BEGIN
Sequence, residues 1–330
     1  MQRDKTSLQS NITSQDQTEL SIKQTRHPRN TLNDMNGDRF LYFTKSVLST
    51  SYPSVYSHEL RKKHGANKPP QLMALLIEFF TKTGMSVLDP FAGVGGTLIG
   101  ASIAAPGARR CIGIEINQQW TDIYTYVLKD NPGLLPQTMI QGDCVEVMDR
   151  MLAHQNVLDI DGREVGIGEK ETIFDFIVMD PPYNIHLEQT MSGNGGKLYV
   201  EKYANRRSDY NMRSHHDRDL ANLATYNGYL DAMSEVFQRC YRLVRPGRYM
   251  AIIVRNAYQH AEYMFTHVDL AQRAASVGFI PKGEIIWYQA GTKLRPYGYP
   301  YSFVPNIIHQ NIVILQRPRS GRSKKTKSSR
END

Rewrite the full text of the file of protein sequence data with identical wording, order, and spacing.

Sequence, residues 1–330
     1  MQRDKTSLQS NITSQDQTEL SIKQTRHPRN TLNDMNGDRF LYFTKSVLST
    51  SYPSVYSHEL RKKHGANKPP QLMALLIEFF TKTGMSVLDP FAGVGGTLIG
   101  ASIAAPGARR CIGIEINQQW TDIYTYVLKD NPGLLPQTMI QGDCVEVMDR
   151  MLAHQNVLDI DGREVGIGEK ETIFDFIVMD PPYNIHLEQT MSGNGGKLYV
   201  EKYANRRSDY NMRSHHDRDL ANLATYNGYL DAMSEVFQRC YRLVRPGRYM
   251  AIIVRNAYQH AEYMFTHVDL AQRAASVGFI PKGEIIWYQA GTKLRPYGYP
   301  YSFVPNIIHQ NIVILQRPRS GRSKKTKSSR